This review is long overdue, and I owe the band my sincere apologies. Isolation Division was originally a sole project of Matt Thorpe , formerly of The March Violets and Distorted Pictures. In 2011 he released the excellent debut album “Sotto Voce”. In 2013 the band had a full line up, with Natasha Donald, Warren Pasquill, and Steve Drawbridge. “7th Magpie” was released in December, 2014. Matt was kind enough to provide me with a review copy, and to my chagrin I am very late with this review.
Isolation Division is one of my favorite bands. Their music is quite unique, but also hearkens back to the glory days of Post-Punk and New Wave without sounding derivative at all. This is perfectly illustrated by the first song, “Shadows“, with a very full, complex sound with wonderful layering. Exquisite harmonies merge with staccato percussion and thick guitar that evokes The Church’s later works. I also detect a bit of the short lived early ’90s group Birdland here.
“Star of the Sea“ is simply amazing. The guitars hit with a visceral edge, introspectively sharp but not quite melancholic. The discordant harmony is lends a disquieting touch, buttressed by insistent percussion.
The guitars on “Hold“ bring to mind early Cure, only deeper and fuller. Vocals bring to mind Asylum Party. Arrangements are complex, but very gripping, evoking a deep sense of poignancy. Towards the last part of the song, the refrain has whispered backing vocals that are quite haunting.
“Xmyheart” has eerie, layered vocals that are simply fabulous. The guitar is sharp and somewhat jangly, with wonderfully dissonant arrangements. This is a fine song.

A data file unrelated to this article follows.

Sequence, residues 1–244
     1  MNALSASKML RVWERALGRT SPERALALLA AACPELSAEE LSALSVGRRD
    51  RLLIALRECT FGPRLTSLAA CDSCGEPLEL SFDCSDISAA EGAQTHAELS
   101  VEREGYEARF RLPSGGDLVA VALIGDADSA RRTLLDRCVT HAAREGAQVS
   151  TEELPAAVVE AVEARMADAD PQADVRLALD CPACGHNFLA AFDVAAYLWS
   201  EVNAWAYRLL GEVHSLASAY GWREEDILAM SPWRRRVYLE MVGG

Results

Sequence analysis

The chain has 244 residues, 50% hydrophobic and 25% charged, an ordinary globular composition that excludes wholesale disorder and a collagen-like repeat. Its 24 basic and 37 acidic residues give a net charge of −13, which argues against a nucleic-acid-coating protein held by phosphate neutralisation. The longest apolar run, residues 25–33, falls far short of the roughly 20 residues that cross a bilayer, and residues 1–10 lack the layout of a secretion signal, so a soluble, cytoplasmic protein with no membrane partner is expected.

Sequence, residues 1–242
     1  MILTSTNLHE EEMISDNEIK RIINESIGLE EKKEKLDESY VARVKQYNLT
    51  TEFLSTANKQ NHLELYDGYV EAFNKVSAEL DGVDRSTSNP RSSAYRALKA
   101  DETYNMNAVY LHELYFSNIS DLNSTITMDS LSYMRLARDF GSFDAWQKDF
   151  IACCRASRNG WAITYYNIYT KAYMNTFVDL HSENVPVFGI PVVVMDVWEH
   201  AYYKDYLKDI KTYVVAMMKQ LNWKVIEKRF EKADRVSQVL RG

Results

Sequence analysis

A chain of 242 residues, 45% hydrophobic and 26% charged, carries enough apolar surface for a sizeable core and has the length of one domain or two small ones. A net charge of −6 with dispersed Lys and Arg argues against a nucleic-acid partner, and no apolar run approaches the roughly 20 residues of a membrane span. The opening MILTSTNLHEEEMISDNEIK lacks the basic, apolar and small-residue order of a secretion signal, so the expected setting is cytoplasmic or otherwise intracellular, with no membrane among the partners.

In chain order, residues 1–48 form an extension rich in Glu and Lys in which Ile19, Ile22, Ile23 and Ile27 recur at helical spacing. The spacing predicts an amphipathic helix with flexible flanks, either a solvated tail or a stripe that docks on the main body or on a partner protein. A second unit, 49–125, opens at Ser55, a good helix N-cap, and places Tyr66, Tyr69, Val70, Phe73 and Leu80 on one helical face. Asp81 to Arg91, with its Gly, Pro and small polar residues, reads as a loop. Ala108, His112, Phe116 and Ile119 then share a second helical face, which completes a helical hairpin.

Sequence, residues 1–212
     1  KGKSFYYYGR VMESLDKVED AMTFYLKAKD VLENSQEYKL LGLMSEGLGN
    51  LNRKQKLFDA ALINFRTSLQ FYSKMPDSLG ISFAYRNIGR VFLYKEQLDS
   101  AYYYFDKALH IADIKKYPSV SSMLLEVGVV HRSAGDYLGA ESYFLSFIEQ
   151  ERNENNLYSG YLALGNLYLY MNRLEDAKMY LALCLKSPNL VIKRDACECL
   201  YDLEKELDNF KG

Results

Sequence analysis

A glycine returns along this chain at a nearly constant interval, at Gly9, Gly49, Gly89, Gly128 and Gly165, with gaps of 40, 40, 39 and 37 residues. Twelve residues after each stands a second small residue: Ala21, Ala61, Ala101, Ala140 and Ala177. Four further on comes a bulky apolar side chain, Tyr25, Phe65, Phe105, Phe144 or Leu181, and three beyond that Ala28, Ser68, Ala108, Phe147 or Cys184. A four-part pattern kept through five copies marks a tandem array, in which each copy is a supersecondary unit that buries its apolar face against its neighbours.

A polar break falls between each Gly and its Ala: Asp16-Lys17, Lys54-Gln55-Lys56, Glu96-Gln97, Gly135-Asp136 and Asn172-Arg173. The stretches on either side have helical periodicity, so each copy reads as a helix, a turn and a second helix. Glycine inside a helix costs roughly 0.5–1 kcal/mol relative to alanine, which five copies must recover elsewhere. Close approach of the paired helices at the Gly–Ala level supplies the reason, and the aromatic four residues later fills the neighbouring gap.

“Secret Sister” opens with dark, moody synth, and low, brooding vocals that bring Screams for Tina to mind. Understated guitar emerges along with distant percussion. The guitar rises in volume, with angelic backing vocals giving the song a sense of great resonance and emotional depth.
“7th Minor“ begins with very subtle guitar and synth. Think of a harder Abecendarians, tempered with Red Lorry Yellow Lorry. Then the tempo changes, with strident, militaristic percussion and frantic-paced, rhythmic guitar. Soon, everything is submerged in a swirling kaleidoscope of sound, that once again brings early Cure to mind. Tandem male and female vocals are very evocative and compelling.
7th Magpie is an excellent album that successfully combines Post Punk, Gothic, and more with thoroughly up-to-date sensibilities. Production values are excellent. Arrangements are superb and lyrics are very well crafted. This is truly what new music should sound like.
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